Association of Military Banks of America

Ways to cut holiday spending

By: Amy Miller, AFC®

As I mentioned in my last blog, people are hoping to cut holiday spending this year, however, odds are, the opposite will actually happen.  Knowing that I thought I would come up with a few things we can do to cut back and ensure we don’t go bankrupt before the new year. 

We can’t attempt to cut back at the holidays without first setting a budget.  You must prepare yourself to be as financially healthy after the new year as possible and to do so, you really must first ask yourself some real (and somewhat hard) questions…….

How much can I reasonably spend on gifts? 

What amount can I take from my account(s) without it interfering with my monthly budget and bills? 

Will I have to go into debt for these purchases?  If so, how will I finance it?  How will I make the payments? How long will it take to pay this off?              

Being honest when answering these questions can be a challenge.  We have all, at one time or another, tried to rationalize spending…….it’s the holidays, it’s only once each year, I can make payments, and so on – which is what leads to overspending.  It’s a lot easier to say we will just worry about it later……until the bill comes in.   

Now that we have that out of the way, let’s get into a few ways we can all cut back on spending to stick to that budget this year!

First, make a list – who are you buying for?  Is it necessary to buy everyone on your list a present?  Some suggest making your own naughty and nice list. Cut people that aren’t necessary.  Truth is, it may not be an issue or even noticed.  Annually, it is reported that 1 in 10 people return their gifts to the store…… which equals about $15.2 billion in unwanted gifts! WOW!  This could also relieve pressure from others that feel obligated to give you a gift in return.  Evaluate who is important and who can go……I’ve been told that if you don’t know what the person would LOVE, then you don’t know them well enough to give them a present.  (not sure I totally agree but it’s worth some thought)

Focus on making gift-giving meaningful. It’s great to be in the holiday spirit but you don’t always have to exchange gifts to do so. Consider an act of kindness – babysit for a date night out (or shopping trip) for a friend with young kids, deliver a meal or some homemade cookies, a letter or card, a framed picture of a special event – get creative!  Don’t waste money on meaningless gifts that may not even be used.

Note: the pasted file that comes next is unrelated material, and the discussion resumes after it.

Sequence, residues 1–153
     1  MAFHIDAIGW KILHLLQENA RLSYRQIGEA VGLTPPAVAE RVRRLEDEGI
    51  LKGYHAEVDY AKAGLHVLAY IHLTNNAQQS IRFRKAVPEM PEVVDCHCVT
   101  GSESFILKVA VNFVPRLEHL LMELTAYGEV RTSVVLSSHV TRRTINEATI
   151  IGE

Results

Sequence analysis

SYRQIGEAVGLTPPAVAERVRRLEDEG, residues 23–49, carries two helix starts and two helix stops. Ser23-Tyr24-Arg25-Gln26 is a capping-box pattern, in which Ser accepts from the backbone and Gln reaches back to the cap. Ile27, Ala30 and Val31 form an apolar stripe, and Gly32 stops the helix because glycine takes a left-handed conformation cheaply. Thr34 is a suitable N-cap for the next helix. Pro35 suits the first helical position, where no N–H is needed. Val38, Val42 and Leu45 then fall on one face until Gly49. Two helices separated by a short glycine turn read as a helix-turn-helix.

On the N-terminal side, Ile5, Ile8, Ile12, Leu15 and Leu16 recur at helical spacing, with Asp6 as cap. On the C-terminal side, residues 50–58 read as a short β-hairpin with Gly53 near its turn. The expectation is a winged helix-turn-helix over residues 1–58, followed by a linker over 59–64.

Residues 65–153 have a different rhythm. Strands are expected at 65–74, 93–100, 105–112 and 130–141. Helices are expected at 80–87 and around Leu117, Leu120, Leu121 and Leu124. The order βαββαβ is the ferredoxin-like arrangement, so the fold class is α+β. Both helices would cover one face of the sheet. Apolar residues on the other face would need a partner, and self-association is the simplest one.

Draw a line in the sand – stop shopping.  Don’t try to keep up with the Joneses.   It’s ok to be in a different financial situation than your family or friends and there’s no need to take on debt for pricey presents to meet some social standard we’ve created.  (Remember what we said above about returned gifts?)  

Find other ways to celebrate. Cut out some of the extras. Dinners out, parties, and new decorations are often forgotten when making the budget.  Think outside the box for gatherings instead of spending tons on food, décor, and the perfect party dress.  Organize a volunteer day for a local organization or host a craft or cooking day.    

Shop Smart.  Check out your credit card(s) to see if you have any points/perks that can be used.  One year when my husband and I were first married, we used our credit card points to purchase almost all our family’s presents.  I am also a big fan of couponing (and wish I did it better than I do).  Check out my previous blog on holiday savings to find lists of stores offering military discounts.  There are also tons of money-saving apps out there that offer cash-back deals and discounts when shopping online.  And of course, always take advantage of free shipping when possible.

I hope this helps you find a happy balance of holiday spirit, smart spending and meaningful gift-giving this year and that you avoid that post-holiday debt and regret that can turn you into the Grinch! 

Here’s to happy holidays & a stress-free new year!